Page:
The ARGENTINE ANT, LINEPITHEMA HUMILE (formerly
is an ant native to northern
Paraguay , Bolivia
Brazil . It is an invasive species that has been
established in many
Mediterranean climate areas, inadvertently
introduced by humans to many places, including South Africa, New
Easter Island , Australia, Europe, Hawaii, and the
continental United States.
* 1 Description
* 2 Distribution
* 2.1 Global "mega-colony"
* 3 Behavior
* 4 Reproduction and seasonal colony trends
* 5 Impact
* 6 Pest control
* 7 References
* 8 External links
The worker ants are 1.6–2.8 millimetres (0.06–0.11 in) long and
can easily squeeze through cracks and holes as small as 1 millimetre
(0.04 in) in size. Queens are 4.2–6.4 millimetres (0.17–0.25 in)
long, much smaller than other species of ants. These ants will set up
quarters in the ground, in cracks in concrete walls, in spaces between
boards and timbers, even among belongings in human dwellings. In
natural areas, they generally nest shallowly in loose leaf litter or
beneath small stones, due to their poor ability to dig deeper nests.
However, if a deeper nesting ant species abandons their nest,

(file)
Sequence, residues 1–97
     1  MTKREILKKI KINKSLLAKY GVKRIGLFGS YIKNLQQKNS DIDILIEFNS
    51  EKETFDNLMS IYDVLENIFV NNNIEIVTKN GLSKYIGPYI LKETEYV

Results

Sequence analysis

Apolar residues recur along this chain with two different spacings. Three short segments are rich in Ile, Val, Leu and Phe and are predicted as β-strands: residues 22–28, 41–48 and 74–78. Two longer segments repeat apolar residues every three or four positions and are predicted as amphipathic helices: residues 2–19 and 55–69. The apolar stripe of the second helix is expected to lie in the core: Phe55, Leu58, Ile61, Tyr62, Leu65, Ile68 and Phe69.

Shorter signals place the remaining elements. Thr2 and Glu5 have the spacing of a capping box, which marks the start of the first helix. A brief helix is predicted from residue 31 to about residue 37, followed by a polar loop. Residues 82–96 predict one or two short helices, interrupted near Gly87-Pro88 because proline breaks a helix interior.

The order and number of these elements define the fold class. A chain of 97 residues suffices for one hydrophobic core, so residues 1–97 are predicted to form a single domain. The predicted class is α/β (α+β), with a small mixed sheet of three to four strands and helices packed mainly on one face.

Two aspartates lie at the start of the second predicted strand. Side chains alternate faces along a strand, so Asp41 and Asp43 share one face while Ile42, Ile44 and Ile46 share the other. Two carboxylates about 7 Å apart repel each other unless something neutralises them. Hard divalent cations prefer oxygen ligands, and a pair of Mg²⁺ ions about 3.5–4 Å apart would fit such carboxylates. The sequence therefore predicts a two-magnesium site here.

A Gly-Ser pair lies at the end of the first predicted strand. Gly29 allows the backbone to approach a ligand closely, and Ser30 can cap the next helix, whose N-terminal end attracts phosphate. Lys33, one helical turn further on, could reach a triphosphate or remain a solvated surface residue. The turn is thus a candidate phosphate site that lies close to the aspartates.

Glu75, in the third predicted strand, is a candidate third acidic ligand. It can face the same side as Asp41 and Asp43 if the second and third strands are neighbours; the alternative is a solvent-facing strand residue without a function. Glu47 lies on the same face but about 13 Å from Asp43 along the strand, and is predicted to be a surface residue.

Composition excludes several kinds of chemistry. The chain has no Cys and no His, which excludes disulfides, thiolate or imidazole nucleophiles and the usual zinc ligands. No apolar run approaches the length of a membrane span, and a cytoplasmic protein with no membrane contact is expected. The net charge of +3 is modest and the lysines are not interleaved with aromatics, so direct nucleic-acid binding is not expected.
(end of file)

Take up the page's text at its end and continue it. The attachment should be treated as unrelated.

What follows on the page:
Argentine ant colonies will readily take over the space. Typical
size of worker ants found in Southern California. These markers
can help identify Argentine ants.
German entomologist Gustav L. Mayr identified the first specimens of
Hypoclinea humilis in the vicinity of
Buenos Aires ,
1866. This species was shortly transferred to the genus
and finally to
Linepithema in the early 1990s.
The native range of Argentine ants is limited to around major
waterways in the lowland areas of the
Paraná River drainage. They
have recently spread into parts of Argentina, Brazil, Chile, Colombia,
Ecuador, and Peru. The species has become established in at least 15
countries throughout the world, on six continents, as well as many
According to research published in
Insectes Sociaux in 2009, it was
discovered that ants from three
Argentine ant supercolonies in
America, Europe, and Japan, that were previously thought to be
separate, were in fact most likely to be genetically related. The
three colonies in question were one in Europe, stretching 6,000 km
(3,700 mi) along the
Mediterranean coast, the "Californian large"
colony, stretching 900 km (560 mi) along the coast of
California , and
a third on the west coast of
Based on a similarity in the chemical profile of hydrocarbons on the
cuticles of the ants from each colony, and on the ants' non-aggressive
and grooming behaviour when interacting, compared to their behaviour
when mixing with ants from other super-colonies from the coast of